Yet the boys endured where most faltered, and plowed ahead, determined to leave no food behind. One by one, they muscled their way through the sushi, chasing every bite down with coke-a-cola and dry wasabi. With four minutes left there remained two Montana Rolls and one dream. Time slowed behind the sushi counter as the masters watched their adversaries choke down the agonizingly bad sushi rolls with obvious expressions of pain on their faces. Like gladiators on their last legs they swallowed the food, and then collapsed to the table with numerous nearly clogged arteries.


The sushi masters had lost, the boys had won.


As they rose, they neared the bar, and bowed.


“Well played.” Said the boys.

The Taco Bell Cup, Wrapper, and The Big Baby

The Big Baby was hungry, thirsty, and complaining. The Lyon didn’t know what to do, for they were already late for the occasion. Wisely, he pulled over to Taco Bell. The Big Baby had no objection to the lower class meal, which pleased the Lyon.  He ordered, and was once again pleased to find that the Big Baby was content with eating in the car.

            The Big Baby had finished, and now rested her head on the car window as it bumbled along the highway.  The Big Baby had this look about her when she was flustered, and at this particular moment the look of flusteredness was smeared all over her pretty little face. The Lyon knew why: she didn’t understand The Curious Case of Benjamin Button. She didn’t get it because it was sad.

            “Why don’t they just call it The Sad Case of Benjamin Button?” she asked.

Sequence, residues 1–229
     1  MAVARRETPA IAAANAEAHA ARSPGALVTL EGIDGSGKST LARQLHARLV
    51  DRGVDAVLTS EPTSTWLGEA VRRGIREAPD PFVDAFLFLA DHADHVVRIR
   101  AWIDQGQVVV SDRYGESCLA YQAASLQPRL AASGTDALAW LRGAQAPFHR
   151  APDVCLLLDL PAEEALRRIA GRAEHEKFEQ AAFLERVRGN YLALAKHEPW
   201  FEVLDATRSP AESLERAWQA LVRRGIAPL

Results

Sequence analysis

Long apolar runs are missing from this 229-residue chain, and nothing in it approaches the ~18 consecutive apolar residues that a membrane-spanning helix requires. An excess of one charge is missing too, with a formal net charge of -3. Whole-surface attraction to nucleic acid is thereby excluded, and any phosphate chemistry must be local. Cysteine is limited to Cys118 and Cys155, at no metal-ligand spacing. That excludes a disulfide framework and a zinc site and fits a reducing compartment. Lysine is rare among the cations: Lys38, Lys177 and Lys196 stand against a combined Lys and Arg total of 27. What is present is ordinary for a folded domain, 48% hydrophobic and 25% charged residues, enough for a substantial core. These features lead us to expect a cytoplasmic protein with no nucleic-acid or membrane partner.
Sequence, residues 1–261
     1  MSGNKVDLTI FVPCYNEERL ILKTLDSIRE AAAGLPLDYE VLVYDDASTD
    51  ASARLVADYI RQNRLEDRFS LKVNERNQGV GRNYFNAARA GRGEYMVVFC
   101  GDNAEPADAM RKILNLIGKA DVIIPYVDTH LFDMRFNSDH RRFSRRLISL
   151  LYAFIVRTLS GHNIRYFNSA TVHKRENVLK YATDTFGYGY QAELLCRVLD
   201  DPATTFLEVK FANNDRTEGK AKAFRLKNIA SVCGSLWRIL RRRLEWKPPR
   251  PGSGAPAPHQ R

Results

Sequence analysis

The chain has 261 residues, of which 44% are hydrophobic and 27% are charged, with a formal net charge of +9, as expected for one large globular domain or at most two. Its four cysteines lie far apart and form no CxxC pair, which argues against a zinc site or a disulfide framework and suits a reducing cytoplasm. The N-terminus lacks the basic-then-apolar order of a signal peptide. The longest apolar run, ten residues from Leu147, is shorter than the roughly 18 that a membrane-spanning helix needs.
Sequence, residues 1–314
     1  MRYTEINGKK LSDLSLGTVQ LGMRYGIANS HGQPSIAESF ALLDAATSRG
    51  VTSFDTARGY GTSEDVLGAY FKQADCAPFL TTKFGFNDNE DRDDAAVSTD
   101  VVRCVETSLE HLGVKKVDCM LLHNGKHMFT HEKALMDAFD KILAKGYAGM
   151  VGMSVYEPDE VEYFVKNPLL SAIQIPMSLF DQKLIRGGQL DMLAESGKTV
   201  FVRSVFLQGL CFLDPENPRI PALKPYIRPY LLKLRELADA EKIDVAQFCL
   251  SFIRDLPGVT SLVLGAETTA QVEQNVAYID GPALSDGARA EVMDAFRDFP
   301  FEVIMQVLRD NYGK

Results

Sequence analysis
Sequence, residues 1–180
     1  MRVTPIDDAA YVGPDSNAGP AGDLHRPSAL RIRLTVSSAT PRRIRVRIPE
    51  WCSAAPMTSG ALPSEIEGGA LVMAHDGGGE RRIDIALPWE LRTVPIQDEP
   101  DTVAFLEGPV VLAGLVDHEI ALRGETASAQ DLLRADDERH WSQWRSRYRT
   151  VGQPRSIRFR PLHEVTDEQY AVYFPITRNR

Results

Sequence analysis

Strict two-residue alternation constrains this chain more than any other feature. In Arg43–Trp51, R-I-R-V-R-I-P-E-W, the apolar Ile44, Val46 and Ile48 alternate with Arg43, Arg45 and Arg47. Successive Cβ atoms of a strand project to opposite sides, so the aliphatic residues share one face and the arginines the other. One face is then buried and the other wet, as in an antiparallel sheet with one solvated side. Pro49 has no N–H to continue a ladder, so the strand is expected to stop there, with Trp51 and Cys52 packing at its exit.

The Lyon had no response. He cycled through possible rebuttals, but ultimately decided that it would be best to simply not respond. The Lyon then had a brief moment of self pride as he realized that two short years ago he probably would not have had the self control to stop himself from saying something along the lines of, “Because, you idiot, it is strange. It is curious. It makes you think!”

            The Lyon wasn’t surprised to find that his no response tactic didn’t settle well with the Big Baby, so he turned up the music in order to drown out her sorrows.

            She took the last drink of her diet coke, and set down the cup, next to the crumpled up wrapper of the burrito that she had just consumed. The music played loudly.

            “Ahhh,” Said the Taco Bell Cup, “I feel so light!”

            “Shut up.” Replied the wrapper.

            “They call it The Curious Case of Benjamin Button because it is more curious than sad. It is sad, but it is also happy, but most of all it’s curious.” Said the Lyon.

            “Oh, I see. Yeah.” Said the Big Baby.

            “You don’t know anything about that movie!” said the wrapper.

            “Be quiet wrapper.” Said the Lyon


            “Why are these things talking?” asked the Big Baby. 

Ephesians 22
Hanna Miller